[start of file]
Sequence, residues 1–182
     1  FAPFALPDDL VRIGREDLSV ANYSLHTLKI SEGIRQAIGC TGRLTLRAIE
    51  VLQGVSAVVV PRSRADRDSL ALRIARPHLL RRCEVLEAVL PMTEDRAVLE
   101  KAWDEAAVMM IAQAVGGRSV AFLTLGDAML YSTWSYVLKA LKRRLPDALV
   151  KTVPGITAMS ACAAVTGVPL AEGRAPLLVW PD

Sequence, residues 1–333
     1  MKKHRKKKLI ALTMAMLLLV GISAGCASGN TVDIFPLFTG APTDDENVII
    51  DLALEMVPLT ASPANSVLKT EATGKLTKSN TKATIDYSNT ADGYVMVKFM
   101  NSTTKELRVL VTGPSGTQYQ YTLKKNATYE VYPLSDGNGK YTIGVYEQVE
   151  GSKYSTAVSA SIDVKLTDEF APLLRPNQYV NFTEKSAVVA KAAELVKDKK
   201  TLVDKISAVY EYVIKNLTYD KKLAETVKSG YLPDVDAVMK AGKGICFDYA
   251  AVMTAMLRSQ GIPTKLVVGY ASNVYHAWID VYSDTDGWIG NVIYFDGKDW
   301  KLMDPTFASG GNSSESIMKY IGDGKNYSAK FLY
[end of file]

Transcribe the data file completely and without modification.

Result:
Sequence, residues 1–182
     1  FAPFALPDDL VRIGREDLSV ANYSLHTLKI SEGIRQAIGC TGRLTLRAIE
    51  VLQGVSAVVV PRSRADRDSL ALRIARPHLL RRCEVLEAVL PMTEDRAVLE
   101  KAWDEAAVMM IAQAVGGRSV AFLTLGDAML YSTWSYVLKA LKRRLPDALV
   151  KTVPGITAMS ACAAVTGVPL AEGRAPLLVW PD

Sequence, residues 1–333
     1  MKKHRKKKLI ALTMAMLLLV GISAGCASGN TVDIFPLFTG APTDDENVII
    51  DLALEMVPLT ASPANSVLKT EATGKLTKSN TKATIDYSNT ADGYVMVKFM
   101  NSTTKELRVL VTGPSGTQYQ YTLKKNATYE VYPLSDGNGK YTIGVYEQVE
   151  GSKYSTAVSA SIDVKLTDEF APLLRPNQYV NFTEKSAVVA KAAELVKDKK
   201  TLVDKISAVY EYVIKNLTYD KKLAETVKSG YLPDVDAVMK AGKGICFDYA
   251  AVMTAMLRSQ GIPTKLVVGY ASNVYHAWID VYSDTDGWIG NVIYFDGKDW
   301  KLMDPTFASG GNSSESIMKY IGDGKNYSAK FLY